tampopo-1.jpg

Spirituality, surely, is nothing without sensuality, and in this area cinema excels better than most art forms. Finding sensuality in food is frequently the domain of film. Think of all those sex scenes from the 80s and 90s involving various fruit and ice and drinks. Tampopo takes food during sex to marvelous extremes. In one sex scene, a couple feed each other various food items, rubbing them all over each other, culminating in the man placing some kind of live prawn in a glass on the woman to tickle her stomach. In another scene, the couple pass a separated egg yolk from mouth to mouth, careful not to break it, getting more and more aroused until finally the woman reaches climax, breaking the yolk and letting it spill out her mouth. Done in one take and all in close-up, the scene lives in its sexual suspense, letting us watch the yolk pass back and forth, grasping at our armrests for that final relief. It’s disgusting in some ways, but also one of the most genuinely arousing “sex” scenes captured on film.

Sensuality and consummation are not exclusive, though. Wong Kar Wai’s In the Mood for Love exists in a similar state of suspense and arousal, but never with any sex. It’s the meal itself. The couple who can never be together, but in the act of eating manage to share so much of themselves with each other. It’s also present in Lasse Hallström’s Chocolat, in which the experience of consuming the most delectable chocolate marks the beginning of a love affair, as well as affecting the lives of the townspeople. If cinema is one of our best tools for watching people, it’s an even better tool for watching the subtle interactions between people. Dialogue, sex, fighting, dance. Film captures all these acts extremely well. Eating is just another. And just as that interaction can be sensual, it can be anything else really. Menacing, even, as in Quentin Tarantino’s Inglourious Basterds, when Shosanna is forced to sit at a restaurant opposite Hans Landa, who forces her manners—”attendez la crème”—and chews forcefully on his strudel.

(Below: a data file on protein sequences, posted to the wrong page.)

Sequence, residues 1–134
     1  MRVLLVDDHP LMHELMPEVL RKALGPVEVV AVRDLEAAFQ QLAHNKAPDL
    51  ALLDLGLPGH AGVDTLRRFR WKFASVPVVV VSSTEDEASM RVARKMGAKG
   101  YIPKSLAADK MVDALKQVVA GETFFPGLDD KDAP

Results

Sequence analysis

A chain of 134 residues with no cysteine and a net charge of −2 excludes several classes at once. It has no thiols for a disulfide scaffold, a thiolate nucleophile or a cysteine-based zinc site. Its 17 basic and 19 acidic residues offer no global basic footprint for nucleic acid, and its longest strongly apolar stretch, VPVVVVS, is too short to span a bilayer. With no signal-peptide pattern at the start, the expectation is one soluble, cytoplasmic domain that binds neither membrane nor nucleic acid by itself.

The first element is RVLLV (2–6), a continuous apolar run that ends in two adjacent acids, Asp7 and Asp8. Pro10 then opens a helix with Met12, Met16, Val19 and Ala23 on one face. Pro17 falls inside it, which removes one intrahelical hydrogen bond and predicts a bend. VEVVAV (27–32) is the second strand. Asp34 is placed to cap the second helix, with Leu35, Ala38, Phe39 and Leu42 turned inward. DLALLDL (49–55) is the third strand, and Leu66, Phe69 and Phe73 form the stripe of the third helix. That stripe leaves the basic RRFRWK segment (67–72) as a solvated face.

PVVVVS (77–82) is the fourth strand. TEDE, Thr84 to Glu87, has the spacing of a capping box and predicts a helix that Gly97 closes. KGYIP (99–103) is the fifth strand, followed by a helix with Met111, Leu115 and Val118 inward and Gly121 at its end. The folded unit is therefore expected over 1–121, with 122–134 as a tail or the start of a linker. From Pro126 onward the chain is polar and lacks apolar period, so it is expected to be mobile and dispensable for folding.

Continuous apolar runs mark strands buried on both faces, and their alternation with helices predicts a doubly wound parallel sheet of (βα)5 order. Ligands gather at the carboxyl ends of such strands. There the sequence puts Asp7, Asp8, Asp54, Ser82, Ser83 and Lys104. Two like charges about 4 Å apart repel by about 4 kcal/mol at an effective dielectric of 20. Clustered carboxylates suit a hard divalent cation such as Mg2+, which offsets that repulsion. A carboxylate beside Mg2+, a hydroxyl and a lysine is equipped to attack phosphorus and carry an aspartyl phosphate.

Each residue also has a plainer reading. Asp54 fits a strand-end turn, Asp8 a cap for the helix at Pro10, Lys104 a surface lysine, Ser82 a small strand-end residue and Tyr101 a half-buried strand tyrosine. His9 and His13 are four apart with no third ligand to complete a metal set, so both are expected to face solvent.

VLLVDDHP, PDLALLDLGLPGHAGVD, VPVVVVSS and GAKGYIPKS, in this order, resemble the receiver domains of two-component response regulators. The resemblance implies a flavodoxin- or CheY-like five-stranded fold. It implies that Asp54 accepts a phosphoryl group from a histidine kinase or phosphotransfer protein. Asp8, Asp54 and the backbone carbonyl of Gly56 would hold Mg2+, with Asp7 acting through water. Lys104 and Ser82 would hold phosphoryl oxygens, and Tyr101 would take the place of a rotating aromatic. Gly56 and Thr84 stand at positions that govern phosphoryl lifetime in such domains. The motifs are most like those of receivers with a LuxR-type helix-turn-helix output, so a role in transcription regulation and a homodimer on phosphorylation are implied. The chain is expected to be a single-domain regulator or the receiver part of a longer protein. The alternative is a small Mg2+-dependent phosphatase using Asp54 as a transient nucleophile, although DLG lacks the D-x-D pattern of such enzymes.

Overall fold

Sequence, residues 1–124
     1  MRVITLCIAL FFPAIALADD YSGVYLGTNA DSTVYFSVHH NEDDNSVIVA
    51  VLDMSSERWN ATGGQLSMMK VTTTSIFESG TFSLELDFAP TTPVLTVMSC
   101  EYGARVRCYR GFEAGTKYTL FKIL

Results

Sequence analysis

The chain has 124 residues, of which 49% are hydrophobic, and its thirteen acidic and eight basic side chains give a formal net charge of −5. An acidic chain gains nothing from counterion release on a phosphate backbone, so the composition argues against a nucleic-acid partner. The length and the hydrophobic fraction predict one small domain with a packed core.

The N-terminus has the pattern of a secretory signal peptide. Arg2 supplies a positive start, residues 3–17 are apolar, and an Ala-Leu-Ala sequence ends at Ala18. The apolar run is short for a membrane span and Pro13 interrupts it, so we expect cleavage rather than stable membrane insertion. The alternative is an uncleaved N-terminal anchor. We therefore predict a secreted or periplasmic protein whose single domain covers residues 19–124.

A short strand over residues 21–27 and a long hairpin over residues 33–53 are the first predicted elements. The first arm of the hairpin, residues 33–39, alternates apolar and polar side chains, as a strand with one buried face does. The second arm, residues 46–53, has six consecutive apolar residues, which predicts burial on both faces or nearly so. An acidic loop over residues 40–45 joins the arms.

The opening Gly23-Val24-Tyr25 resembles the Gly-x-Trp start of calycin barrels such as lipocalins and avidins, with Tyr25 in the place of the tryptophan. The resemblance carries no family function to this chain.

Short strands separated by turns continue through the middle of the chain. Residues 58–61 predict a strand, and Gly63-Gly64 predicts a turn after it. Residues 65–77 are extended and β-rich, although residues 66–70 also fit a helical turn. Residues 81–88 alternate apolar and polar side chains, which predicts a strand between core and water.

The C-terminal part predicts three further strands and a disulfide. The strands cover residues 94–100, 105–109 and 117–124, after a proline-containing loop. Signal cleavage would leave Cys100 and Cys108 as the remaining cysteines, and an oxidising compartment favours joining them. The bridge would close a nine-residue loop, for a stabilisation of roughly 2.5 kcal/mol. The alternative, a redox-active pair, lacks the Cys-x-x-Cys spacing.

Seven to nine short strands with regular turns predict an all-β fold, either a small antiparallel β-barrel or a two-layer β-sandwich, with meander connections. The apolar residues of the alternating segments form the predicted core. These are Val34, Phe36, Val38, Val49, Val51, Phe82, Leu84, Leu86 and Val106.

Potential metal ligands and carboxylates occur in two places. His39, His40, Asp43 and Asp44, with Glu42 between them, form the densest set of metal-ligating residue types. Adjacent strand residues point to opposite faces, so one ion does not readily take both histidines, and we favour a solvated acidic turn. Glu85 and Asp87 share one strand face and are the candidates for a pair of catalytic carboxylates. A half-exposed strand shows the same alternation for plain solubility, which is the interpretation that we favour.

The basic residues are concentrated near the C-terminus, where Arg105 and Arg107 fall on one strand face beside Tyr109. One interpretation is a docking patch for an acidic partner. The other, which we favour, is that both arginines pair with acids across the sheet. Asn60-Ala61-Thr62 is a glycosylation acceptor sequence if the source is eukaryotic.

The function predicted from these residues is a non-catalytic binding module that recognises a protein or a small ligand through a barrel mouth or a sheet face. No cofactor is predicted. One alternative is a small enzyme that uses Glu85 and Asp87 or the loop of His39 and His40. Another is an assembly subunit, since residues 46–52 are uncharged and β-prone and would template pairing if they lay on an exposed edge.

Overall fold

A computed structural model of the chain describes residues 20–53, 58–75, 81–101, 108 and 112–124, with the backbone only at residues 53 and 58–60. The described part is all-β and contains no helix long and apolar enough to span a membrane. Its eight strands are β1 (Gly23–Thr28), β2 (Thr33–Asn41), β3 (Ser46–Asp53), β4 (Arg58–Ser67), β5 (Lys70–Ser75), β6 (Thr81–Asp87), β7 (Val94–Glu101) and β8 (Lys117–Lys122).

But what Tampopo captures best of all is that pure pleasure that comes from eating. The sense-memory of it. The heartiness of a good meal. The love that emerges from cook for someone and having them enjoy the food. Tampopo’s triumph and elation in watching her friends gulp down those last drops of broth is shared by the audience, and you can bet everyone who steps out of the film will be hunting for the nearest ramen shop. That pleasure watching people enjoy their food is present in everything from Babette’s Feast to Big Night. It’s there in the look of joy in Joséphine’s face in Clair Denis’ 35 Shots of Rum, when she tries the rice from her new rice cooker. Perhaps most memorably it’s there in Brad Bird’s Ratatouille, when the jaded film critic takes a bite of his ratatouille and is instantly transported back in time to his mother’s cooking.

That warmth, sense of connection and memory are all inherent to food. As are sensuality, and spirituality, and intimacy, and manners, and tradition and even respect. It’s all wrapped up in the the act of eating. Tampopo touches on all of them, even in death, where a dying man’s last words to his lover are about eating a specific kind of boar killed at a specific time of year and how he wishes he could have shared that with her. Or in another scene where a husband tries to extend his dying wife’s life by getting her to cook a meal for the family. She does, and when she collapses immediately after and the children are crying, the husband screams at them, urging them to eat their mother’s cooking. The last meal she ever made. There is deep cinematic pleasure in watching people eat, and Tampopo delightfully explores that fact in all its facets.